The latest numbers on COVID-19 vaccinations in Canada as of 4 a.m. ET on Wednesday, Feb. 24, 2021. In Canada, the provinces are reporting 48,362 new vaccinations administered for a total of 1,602,365 doses given. The provinces have administered doses at a rate of 4,227.957 per 100,000. There were 152,100 new vaccines delivered to the provinces and territories for a total of 2,003,810 doses delivered so far. The provinces and territories have used 79.97 per cent of their available vaccine supply. Please note that Newfoundland, P.E.I., Nova Scotia, New Brunswick and the territories typically do not report on a daily basis. Newfoundland is reporting 1,771 new vaccinations administered over the past seven days for a total of 16,458 doses given. The province has administered doses at a rate of 31.431 per 1,000. There were zero new vaccines delivered to Newfoundland for a total of 24,460 doses delivered so far. The province has received enough of the vaccine to give 4.7 per cent of its population a single dose. The province has used 67.29 per cent of its available vaccine supply. P.E.I. is reporting 1,020 new vaccinations administered over the past seven days for a total of 11,630 doses given. The province has administered doses at a rate of 73.316 per 1,000. There were zero new vaccines delivered to P.E.I. for a total of 13,045 doses delivered so far. The province has received enough of the vaccine to give 8.2 per cent of its population a single dose. The province has used 89.15 per cent of its available vaccine supply. Nova Scotia is reporting 4,826 new vaccinations administered over the past seven days for a total of 27,966 doses given. The province has administered doses at a rate of 28.657 per 1,000. There were zero new vaccines delivered to Nova Scotia for a total of 47,280 doses delivered so far. The province has received enough of the vaccine to give 4.8 per cent of its population a single dose. The province has used 59.15 per cent of its available vaccine supply. New Brunswick is reporting 5,135 new vaccinations administered over the past seven days for a total of 26,317 doses given. The province has administered doses at a rate of 33.738 per 1,000. There were zero new vaccines delivered to New Brunswick for a total of 35,015 doses delivered so far. The province has received enough of the vaccine to give 4.5 per cent of its population a single dose. The province has used 75.16 per cent of its available vaccine supply. Quebec is reporting 12,084 new vaccinations administered for a total of 365,978 doses given. The province has administered doses at a rate of 42.771 per 1,000. There were 107,640 new vaccines delivered to Quebec for a total of 509,325 doses delivered so far. The province has received enough of the vaccine to give 6.0 per cent of its population a single dose. The province has used 71.86 per cent of its available vaccine supply. Ontario is reporting 16,252 new vaccinations administered for a total of 585,707 doses given. The province has administered doses at a rate of 39.874 per 1,000. There were zero new vaccines delivered to Ontario for a total of 683,255 doses delivered so far. The province has received enough of the vaccine to give 4.7 per cent of its population a single dose. The province has used 85.72 per cent of its available vaccine supply. Manitoba is reporting 1,605 new vaccinations administered for a total of 63,970 doses given. The province has administered doses at a rate of 46.456 per 1,000. There were zero new vaccines delivered to Manitoba for a total of 84,810 doses delivered so far. The province has received enough of the vaccine to give 6.2 per cent of its population a single dose. The province has used 75.43 per cent of its available vaccine supply. Saskatchewan is reporting 612 new vaccinations administered for a total of 62,342 doses given. The province has administered doses at a rate of 52.87 per 1,000. There were zero new vaccines delivered to Saskatchewan for a total of 59,395 doses delivered so far. The province has received enough of the vaccine to give 5.0 per cent of its population a single dose. The province has used 105 per cent of its available vaccine supply. Alberta is reporting 7,216 new vaccinations administered for a total of 180,755 doses given. The province has administered doses at a rate of 41.062 per 1,000. There were zero new vaccines delivered to Alberta for a total of 205,875 doses delivered so far. The province has received enough of the vaccine to give 4.7 per cent of its population a single dose. The province has used 87.8 per cent of its available vaccine supply. British Columbia is reporting 5,628 new vaccinations administered for a total of 224,354 doses given. The province has administered doses at a rate of 43.72 per 1,000. There were 44,460 new vaccines delivered to British Columbia for a total of 287,950 doses delivered so far. The province has received enough of the vaccine to give 5.6 per cent of its population a single dose. The province has used 77.91 per cent of its available vaccine supply. Yukon is reporting 1,250 new vaccinations administered for a total of 13,423 doses given. The territory has administered doses at a rate of 321.655 per 1,000. There were zero new vaccines delivered to Yukon for a total of 18,900 doses delivered so far. The territory has received enough of the vaccine to give 45 per cent of its population a single dose. The territory has used 71.02 per cent of its available vaccine supply. The Northwest Territories are reporting 2,297 new vaccinations administered for a total of 16,454 doses given. The territory has administered doses at a rate of 364.68 per 1,000. There were zero new vaccines delivered to the Northwest Territories for a total of 19,100 doses delivered so far. The territory has received enough of the vaccine to give 42 per cent of its population a single dose. The territory has used 86.15 per cent of its available vaccine supply. Nunavut is reporting 34 new vaccinations administered for a total of 7,011 doses given. The territory has administered doses at a rate of 181.041 per 1,000. There were zero new vaccines delivered to Nunavut for a total of 15,400 doses delivered so far. The territory has received enough of the vaccine to give 40 per cent of its population a single dose. The territory has used 45.53 per cent of its available vaccine supply. *Notes on data: The figures are compiled by the COVID-19 Open Data Working Group based on the latest publicly available data and are subject to change. Note that some provinces report weekly, while others report same-day or figures from the previous day. Vaccine doses administered is not equivalent to the number of people inoculated as the approved vaccines require two doses per person. The vaccines are currently not being administered to children under 18 and those with certain health conditions. In some cases the number of doses administered may appear to exceed the number of doses distributed as some provinces have been drawing extra doses per vial. This report was automatically generated by The Canadian Press Digital Data Desk and was first published Feb. 24, 2021. The Canadian Press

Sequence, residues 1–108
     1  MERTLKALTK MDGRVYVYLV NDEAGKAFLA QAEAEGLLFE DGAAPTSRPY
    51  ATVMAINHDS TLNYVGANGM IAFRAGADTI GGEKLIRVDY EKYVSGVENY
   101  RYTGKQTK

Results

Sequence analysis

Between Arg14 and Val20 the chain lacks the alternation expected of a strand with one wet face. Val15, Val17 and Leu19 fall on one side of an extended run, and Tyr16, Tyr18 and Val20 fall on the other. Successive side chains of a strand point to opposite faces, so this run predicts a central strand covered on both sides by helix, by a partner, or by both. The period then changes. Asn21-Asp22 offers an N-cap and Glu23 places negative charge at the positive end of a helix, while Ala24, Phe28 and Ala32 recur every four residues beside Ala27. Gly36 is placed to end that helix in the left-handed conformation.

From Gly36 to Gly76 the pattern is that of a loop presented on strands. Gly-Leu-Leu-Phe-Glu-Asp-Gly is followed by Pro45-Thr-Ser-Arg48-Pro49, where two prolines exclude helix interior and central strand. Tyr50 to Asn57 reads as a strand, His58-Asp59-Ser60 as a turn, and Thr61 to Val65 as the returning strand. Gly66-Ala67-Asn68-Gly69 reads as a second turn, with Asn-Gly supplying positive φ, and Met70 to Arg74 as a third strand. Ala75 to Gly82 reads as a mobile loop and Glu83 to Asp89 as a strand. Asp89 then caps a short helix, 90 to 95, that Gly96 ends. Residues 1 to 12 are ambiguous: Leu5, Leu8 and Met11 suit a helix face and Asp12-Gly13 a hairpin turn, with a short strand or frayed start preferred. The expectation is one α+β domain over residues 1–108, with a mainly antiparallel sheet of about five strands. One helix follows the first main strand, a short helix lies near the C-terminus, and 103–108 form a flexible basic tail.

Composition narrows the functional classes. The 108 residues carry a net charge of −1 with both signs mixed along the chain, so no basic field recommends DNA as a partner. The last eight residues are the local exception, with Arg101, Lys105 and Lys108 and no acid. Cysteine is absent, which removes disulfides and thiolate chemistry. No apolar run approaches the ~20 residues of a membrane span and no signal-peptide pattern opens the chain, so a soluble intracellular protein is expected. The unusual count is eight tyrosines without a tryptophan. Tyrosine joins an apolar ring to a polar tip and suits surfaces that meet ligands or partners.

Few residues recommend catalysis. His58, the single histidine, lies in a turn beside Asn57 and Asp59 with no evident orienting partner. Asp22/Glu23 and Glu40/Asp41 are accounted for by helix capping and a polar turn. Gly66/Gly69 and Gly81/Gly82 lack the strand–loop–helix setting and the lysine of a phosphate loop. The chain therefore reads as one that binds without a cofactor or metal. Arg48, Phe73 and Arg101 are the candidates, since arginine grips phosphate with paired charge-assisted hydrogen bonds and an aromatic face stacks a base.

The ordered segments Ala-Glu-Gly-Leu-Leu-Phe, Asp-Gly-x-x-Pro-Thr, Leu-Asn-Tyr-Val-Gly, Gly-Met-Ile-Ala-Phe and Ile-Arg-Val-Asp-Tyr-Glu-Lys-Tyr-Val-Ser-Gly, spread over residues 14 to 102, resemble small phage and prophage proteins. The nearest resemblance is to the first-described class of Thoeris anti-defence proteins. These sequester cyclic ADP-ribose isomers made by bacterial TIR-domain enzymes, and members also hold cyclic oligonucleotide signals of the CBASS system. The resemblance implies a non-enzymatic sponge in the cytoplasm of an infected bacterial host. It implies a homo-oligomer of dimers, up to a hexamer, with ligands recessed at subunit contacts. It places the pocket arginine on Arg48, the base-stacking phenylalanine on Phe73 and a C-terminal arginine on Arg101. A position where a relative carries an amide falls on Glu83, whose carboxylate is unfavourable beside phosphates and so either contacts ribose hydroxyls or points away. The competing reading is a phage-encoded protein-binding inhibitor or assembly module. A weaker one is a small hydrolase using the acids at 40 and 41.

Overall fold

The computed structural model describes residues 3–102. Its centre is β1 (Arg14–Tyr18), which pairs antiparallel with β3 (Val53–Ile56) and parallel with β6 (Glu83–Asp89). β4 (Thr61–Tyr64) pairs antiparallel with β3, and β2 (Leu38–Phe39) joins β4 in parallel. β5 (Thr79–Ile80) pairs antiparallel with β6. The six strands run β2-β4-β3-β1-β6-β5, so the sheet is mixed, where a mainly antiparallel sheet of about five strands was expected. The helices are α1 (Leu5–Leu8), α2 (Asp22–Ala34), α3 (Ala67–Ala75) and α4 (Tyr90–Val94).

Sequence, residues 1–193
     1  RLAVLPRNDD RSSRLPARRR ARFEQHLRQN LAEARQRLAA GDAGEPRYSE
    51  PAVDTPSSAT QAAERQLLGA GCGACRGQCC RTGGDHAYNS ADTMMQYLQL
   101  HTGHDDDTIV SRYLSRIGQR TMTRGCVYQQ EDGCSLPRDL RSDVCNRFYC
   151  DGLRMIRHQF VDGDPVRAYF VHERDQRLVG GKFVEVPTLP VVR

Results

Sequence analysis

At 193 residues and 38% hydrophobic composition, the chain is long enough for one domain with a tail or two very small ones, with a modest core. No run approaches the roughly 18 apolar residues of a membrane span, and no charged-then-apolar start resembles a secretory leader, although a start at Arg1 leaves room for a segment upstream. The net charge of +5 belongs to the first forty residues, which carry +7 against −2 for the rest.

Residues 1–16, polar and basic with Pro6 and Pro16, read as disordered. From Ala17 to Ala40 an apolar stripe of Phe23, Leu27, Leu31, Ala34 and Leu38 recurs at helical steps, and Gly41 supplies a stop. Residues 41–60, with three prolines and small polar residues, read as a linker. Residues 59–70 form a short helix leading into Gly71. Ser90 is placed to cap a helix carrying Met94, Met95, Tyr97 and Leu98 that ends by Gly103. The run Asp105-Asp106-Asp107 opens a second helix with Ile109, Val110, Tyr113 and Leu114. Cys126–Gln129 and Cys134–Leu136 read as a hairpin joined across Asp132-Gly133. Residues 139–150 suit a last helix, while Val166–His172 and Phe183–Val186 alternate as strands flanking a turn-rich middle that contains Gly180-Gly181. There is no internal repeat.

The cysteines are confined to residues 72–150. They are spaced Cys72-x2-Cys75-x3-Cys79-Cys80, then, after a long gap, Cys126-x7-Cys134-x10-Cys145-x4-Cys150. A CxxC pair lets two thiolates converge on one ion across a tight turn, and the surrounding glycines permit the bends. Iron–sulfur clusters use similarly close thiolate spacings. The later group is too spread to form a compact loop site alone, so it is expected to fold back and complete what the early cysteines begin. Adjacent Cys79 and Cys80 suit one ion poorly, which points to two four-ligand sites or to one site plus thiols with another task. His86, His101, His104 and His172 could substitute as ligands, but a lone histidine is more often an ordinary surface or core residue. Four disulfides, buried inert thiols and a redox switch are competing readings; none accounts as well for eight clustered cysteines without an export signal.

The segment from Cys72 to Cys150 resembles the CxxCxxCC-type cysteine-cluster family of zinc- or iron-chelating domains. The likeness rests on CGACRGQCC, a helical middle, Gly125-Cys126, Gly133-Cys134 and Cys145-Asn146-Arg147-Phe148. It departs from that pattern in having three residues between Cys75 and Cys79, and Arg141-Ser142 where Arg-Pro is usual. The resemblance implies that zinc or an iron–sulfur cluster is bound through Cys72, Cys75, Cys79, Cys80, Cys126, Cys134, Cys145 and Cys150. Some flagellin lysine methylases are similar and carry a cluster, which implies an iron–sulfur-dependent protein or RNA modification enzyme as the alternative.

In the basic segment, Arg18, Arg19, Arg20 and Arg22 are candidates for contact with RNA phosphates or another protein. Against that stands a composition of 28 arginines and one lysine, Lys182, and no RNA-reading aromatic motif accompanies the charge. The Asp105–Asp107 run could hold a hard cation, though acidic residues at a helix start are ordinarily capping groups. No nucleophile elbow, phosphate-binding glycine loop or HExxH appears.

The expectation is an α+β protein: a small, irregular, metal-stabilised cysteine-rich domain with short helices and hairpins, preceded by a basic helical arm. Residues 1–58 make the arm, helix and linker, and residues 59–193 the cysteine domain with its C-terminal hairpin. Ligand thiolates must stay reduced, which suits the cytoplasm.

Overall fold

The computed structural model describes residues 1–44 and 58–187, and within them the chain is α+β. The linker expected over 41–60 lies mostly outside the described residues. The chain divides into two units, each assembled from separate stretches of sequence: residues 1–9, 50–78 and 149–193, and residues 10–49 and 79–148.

President Joe Biden said on Wednesday he would seek $37 billion in funding for legislation to supercharge chip manufacturing in the United States as a shortfall of semiconductors has forced U.S. automakers and other manufacturers to cut production. Biden also signed an executive order on Wednesday aimed at addressing the global semiconductor chip shortage that has alarmed the White House and members of Congress, administration officials said.